The Suburbs Are Safe -- for Now

The Trump Administration has  announced that it's repealed the radical Obama-era institution of the so-called Affirmatively Furthering Fair Housing (AFFH) policy, after receiving thousands of complaints from around the country that the plan would radically change the nature of America's suburbs. "The suburb destruction will end with us,” President Trump stated.

This long expected and overdue repeal will allow the president to use the inflammatory issue of keeping federal control and divisive mandates out of and away from the nation's suburbs in his campaign. The issue is critical for appealing to suburban voters who constitute a majority of Americans, and who oppose nationalizing housing policy by Washington, D.C.

This move comes on the heels of the announcement by the Democratic presidential campaign of Joe Biden (“Obama 3”), that, if elected, he would aggressively implement AFFH, to force middle and upper middle class suburban communities to house, educate, and subsidize the poor.

The now-repealed 2015 Obama iteration of AFFH claimed that the federal government could use HUD’s community block grants to force suburbs to provide high density, low income, and Section 8 housing despite local zoning laws. That is, it gutted the right of communities to determine their own zoning policies, and thereby threatened to destroy the nature and property values of thousands of suburbs across the country. This policy rests on a radical departure in the definition of "fair housing." Prior to the Obama Administration, the term had always meant "no housing discrimination based on race or creed." 

The stated intent of the original 1968 Fair Housing Act was to defeat de facto segregation, by opening up the nation’s housing supply to anyone who could afford property. Obama’s radical socialist HUD Secretary, Julian Castro, chose to redefine "fair' to include economic status, and to compel local authorities to change zoning laws to force communities that typically lack public transportation, infrastructure, needed academic programs in schools, and even suitable jobs, to provide those things, along with the higher density Section 8 housing -- as if not having all of the above was a sign of active racial and economic discrimination.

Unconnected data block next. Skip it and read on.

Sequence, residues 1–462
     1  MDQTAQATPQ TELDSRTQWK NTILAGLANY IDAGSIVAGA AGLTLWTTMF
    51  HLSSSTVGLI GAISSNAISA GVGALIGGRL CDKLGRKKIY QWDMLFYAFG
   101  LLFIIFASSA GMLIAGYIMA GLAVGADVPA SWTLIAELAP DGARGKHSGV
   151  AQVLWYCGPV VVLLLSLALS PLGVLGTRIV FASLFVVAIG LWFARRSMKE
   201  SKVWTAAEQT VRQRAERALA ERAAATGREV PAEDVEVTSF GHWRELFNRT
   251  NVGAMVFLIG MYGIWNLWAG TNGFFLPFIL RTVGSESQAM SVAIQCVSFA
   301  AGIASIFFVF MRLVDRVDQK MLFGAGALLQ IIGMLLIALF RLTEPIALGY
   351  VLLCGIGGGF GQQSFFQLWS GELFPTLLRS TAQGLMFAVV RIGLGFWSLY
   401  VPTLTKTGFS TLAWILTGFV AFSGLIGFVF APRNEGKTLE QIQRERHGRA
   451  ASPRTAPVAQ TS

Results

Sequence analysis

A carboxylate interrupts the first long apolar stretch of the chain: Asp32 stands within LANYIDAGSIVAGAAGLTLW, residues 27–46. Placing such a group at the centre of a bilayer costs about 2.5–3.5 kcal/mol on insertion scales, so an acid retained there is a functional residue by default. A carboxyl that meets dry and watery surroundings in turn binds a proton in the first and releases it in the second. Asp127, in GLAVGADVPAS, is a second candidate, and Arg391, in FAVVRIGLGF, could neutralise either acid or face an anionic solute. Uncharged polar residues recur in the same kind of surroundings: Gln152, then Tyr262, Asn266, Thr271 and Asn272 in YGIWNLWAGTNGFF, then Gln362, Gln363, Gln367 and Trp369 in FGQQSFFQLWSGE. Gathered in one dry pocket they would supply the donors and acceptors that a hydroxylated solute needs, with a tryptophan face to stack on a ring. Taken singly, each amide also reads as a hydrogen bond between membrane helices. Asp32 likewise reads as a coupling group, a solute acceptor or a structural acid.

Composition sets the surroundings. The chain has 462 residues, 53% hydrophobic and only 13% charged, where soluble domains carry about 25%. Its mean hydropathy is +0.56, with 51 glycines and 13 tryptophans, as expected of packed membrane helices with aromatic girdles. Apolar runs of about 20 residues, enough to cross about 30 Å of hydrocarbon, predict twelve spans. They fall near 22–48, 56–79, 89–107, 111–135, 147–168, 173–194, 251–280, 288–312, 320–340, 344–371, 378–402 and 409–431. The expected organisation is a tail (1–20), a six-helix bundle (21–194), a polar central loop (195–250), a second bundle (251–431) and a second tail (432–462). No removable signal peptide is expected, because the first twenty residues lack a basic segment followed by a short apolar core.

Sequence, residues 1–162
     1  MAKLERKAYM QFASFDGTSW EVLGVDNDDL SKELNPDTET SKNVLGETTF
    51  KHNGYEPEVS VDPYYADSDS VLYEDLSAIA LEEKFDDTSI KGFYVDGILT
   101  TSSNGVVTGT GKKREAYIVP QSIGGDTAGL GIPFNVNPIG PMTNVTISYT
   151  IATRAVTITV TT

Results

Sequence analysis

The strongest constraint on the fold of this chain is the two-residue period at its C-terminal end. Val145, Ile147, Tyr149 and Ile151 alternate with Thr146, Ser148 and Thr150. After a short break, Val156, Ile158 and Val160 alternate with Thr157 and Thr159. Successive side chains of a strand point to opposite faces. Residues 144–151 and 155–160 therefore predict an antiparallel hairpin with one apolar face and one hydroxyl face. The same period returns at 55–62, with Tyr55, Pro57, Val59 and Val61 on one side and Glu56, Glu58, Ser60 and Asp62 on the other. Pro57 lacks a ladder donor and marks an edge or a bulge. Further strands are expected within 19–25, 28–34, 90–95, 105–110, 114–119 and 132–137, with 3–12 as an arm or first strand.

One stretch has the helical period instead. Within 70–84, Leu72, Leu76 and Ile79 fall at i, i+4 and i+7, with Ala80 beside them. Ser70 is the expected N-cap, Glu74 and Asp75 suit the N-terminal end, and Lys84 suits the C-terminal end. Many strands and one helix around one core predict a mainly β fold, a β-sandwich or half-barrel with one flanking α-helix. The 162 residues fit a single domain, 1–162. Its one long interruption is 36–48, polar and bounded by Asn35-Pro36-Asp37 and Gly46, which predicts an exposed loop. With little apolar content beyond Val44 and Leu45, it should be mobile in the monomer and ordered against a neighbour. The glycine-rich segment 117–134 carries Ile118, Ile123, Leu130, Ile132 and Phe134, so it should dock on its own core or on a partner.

The Trump Administration, which has been aggressive about removing unhelpful regulations from the books, noted that the Democrats' implementation of AFFH would have imposed a massive regulatory burden on localities, required high density zoning, eliminated single family zoning, and destroyed our suburbs.

The White House pointed out that the majority of African Americans, Hispanics, and Asian Americans now live in suburban communities, where they, like so many other Americans, are able to afford homes, achieving one important part of the American dream. And that home ownership “offers the chance for all Americans to build wealth for their families.”

The point about home ownership being a basis for building wealth is an important rejoinder to the critique of those who believe in "structural racism” that African Americans are somehow denied the ability to create inter-generational wealth. To be sure, that requires both actual ownership and a stable community, in which the value of property appreciates over time. Introducing mandatory Section 8 housing has generally reduced the value of adjacent properties while also raising the rates of crime that many homeowners fled the cities to escape in the first place.

As for the Obama-era regulatory interpretation, HUD noted that:

This approach is not required by applicable statutes, which give HUD considerable discretion in determining what “affirmatively furthering fair housing” means, and it is also at odds with both federalism principles and specific statutes protecting local control over housing policy. For example, Congress specifically barred HUD from using funding to force grantees to change any public policy, regulation, or law.

HUD Secretary Ben Carson said,

After reviewing thousands of comments on the proposed changes to the Affirmatively Furthering Fair Housing (AFFH) regulation, we found it to be unworkable and ultimately a waste of time for localities to comply with, too often resulting in funds being steered away from communities that need them most. Instead, the Trump Administration has established programs like Opportunity Zones that are driving billions of dollars of capital into underserved communities where affordable housing exists, but opportunity does not. Programs like this …. allow communities to focus more of their time working with Opportunity Zone partners to revitalize their communities so upward mobility, improved housing, and home ownership is within reach for more people. Washington has no business dictating what is best to meet your local community’s unique needs.

Because this is all a matter of regulation, not law, it would be entirely possible for a Biden Administration to revive the Obama interpretation, and return to actively urbanizing and, consequently, destroying the suburbs. That is what they have promised to do in their statements on housing policy. As we approach November, that fact should be and widely publicized by the administration -- widely understood by American voters.